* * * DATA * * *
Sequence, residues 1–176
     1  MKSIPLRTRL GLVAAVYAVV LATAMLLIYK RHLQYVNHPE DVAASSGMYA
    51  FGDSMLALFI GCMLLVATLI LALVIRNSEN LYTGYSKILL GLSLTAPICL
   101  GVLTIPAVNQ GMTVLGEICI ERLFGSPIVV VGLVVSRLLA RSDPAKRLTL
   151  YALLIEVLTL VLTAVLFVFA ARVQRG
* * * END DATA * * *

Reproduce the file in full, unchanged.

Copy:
Sequence, residues 1–176
     1  MKSIPLRTRL GLVAAVYAVV LATAMLLIYK RHLQYVNHPE DVAASSGMYA
    51  FGDSMLALFI GCMLLVATLI LALVIRNSEN LYTGYSKILL GLSLTAPICL
   101  GVLTIPAVNQ GMTVLGEICI ERLFGSPIVV VGLVVSRLLA RSDPAKRLTL
   151  YALLIEVLTL VLTAVLFVFA ARVQRG